Processing of cocoa beans

Raw bean cleaning

The first stage in the processing of cocoa beans is when the beans arrive at the processing site in a bulk container and a representative sample is taken. The raw beans are then unloaded to the raw bean cleaning area, which is separate from the main body of the factory due to the potential contamination risk from the raw beans and also the dust. Here stones, string and other foreign matter are removed using sieves, cyclones and magnets.

Debacterisation

Next the beans are transferred by conveyor to the debacterisation plant where they are subjected to super heated steam under pressure and are then transferred to the roaster (typical aerobic plate count post debacterisation is less than 200 cfu/g with coliforms and Salmonella absent).

Roasting

Roasting loosens the beans from the shell while the time/temperature combination of 1-2 hrs at 100-150°C also helps to inactivate any remaining organisms. The flavour and aroma are also developed by the roasting process.

Winnowing

Here the outer shell is cracked and separated from the bean, which is now called a cocoa nib.

Grinding

Roasted nibs are milled through rollers and then transformed into a thick paste known as liquor or cocoa mass. At this point the liquor fat content is approximately 53 per cent and must be sampled prior to dispatch to Cadbury manufacturing sites. Typical liquor would have an aerobic plate count between 1-2000 cfu/g as well as an absence of coliforms, mould and pathogens.

Liquor press

Liquor is then pressed to remove the fat (cocoa butter) and, following hydraulic pressing, a cocoa cake is produced which has a fat content of approximately 21 per cent (other fat percentages can be produced, dependent on the press time). Sampled cake should have a similar microbial level to that of liquor.

Powder production

The cocoa cake is then pulverised through mills to produce Cadbury cocoa powder or can be blended with other ingredients to produce Cadbury drinking chocolate. The powders are then packed into bags or composites, having passed all the necessary analytical, organoleptic and microbiological tests (Figure 1).

Environmental monitoring

Cocoa beans are regarded as a potentially contaminated raw material and cocoa dust from un-debacterised beans is also a possible source of Salmonella. Therefore, along with segregation of the raw bean, cleaning and handling operations and environmental sampling is carried out in order to monitor the various distinct areas. Air sampling is performed at 30 separate areas of the factory from the bean deck/bean cleaning area to the finished goods warehouse and all significant points in between. A ‘Biotest’ air sampler is used to conduct the air sampling tests and specifically designed strips of agar wells are inserted into the chamber. Total viable count (TVC) and coliforms are both tested for. Upon loading the strip into the sampler it is allowed to run for 30 seconds, which is equivalent to 30 litres of air exposure. Once complete, the strip is removed from the sampler and aseptically stored until incubation. The strips are incubated at 30°C for 64-72 hrs for TVC and 36°C for 18-24 hrs for coliforms. After the incubation phase, the number of colony forming units (CFUs) on the whole strip are recorded and then multiplied by a factor of 33.3 to give the number of CFUs per metre cubed of air exposed. In conjunction with the air sampling, swabs are used to monitor production areas for the absence of Salmonella. A 50cm2 sponge swab is used that is pre soaked with neutralising buffer. This is supplied in a sterile 100ml container with a sterile plastic glove (the sponge is non toxic to Salmonella). An area of approximately 225cm2 is swabbed after which the sponge is returned to its container and 80ml of Brilliant Green Milk Broth (BGMB) is added. BGMB neutralises the inhibitory compounds that might be present and emulsifies the sample. Brilliant green dye is then added to the UHT milk for the isolation of Salmonella. The containers are incubated at 36°C for 18-20 hrs followed by the standard Salmonella method using MSRV agar and LICNR broth.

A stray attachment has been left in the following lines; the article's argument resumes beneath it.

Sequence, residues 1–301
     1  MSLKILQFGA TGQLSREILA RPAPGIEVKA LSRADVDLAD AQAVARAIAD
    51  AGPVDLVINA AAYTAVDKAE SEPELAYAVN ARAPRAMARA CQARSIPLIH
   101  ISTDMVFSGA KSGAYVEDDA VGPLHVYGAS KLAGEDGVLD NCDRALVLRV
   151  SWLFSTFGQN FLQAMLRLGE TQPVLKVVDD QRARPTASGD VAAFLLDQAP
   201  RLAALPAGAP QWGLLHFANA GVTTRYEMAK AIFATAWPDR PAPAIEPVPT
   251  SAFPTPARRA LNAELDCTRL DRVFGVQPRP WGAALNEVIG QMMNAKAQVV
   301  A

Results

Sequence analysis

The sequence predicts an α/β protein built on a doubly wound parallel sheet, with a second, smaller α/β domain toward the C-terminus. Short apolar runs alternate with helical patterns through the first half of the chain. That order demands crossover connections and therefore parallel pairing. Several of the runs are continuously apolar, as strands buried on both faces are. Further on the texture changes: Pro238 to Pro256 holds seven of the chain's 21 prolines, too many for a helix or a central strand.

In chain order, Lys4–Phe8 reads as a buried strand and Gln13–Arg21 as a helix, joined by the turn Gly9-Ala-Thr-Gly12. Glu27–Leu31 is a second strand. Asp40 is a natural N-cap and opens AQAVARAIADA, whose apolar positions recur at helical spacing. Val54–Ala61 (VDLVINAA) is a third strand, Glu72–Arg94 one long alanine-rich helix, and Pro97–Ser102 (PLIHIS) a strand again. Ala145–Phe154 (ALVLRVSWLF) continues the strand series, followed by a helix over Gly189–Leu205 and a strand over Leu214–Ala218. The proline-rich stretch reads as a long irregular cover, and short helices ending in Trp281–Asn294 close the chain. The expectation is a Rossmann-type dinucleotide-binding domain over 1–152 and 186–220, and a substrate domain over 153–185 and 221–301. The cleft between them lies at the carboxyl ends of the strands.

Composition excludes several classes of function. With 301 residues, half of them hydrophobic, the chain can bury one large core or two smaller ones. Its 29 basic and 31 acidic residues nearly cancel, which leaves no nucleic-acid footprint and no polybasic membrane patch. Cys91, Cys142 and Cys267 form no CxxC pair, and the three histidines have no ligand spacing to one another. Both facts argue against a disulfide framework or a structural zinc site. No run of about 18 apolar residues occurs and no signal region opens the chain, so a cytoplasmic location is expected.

Water sampling is also carried out to evaluate the general microbial flora present in water samples, including process waters and potable water sources. The method covers the enumeration of aerobic organisms in water capable of growth at temperatures of between 22-30°C. Water samples are tested for coliforms, faecal streptococci, Salmonella and total bacterial count. Plant swabbing is routinely performed to ascertain the level of cleanliness of machinery and equipment and also the effectiveness of factory cleans and CIP systems. Where possible an area of 100cm2 is swabbed and then the swab is immersed in maximum recovery diluent prior to plating out. Plant swabs are tested for coliforms, yeast, mould and total bacterial count.

Summary

By controlling and monitoring the processing of cocoa beans from their raw state through to their processed form, the microbiological quality of the flavoured cocoa butter, deodorised cocoa butter, cocoa liquor and cocoa powder can be assured. The special flavours produced when fresh milk, cocoa mass and sugar are cooked together in the first stages of the chocolate making process give Cadbury Dairy Milk its very special taste.

snelson figure 1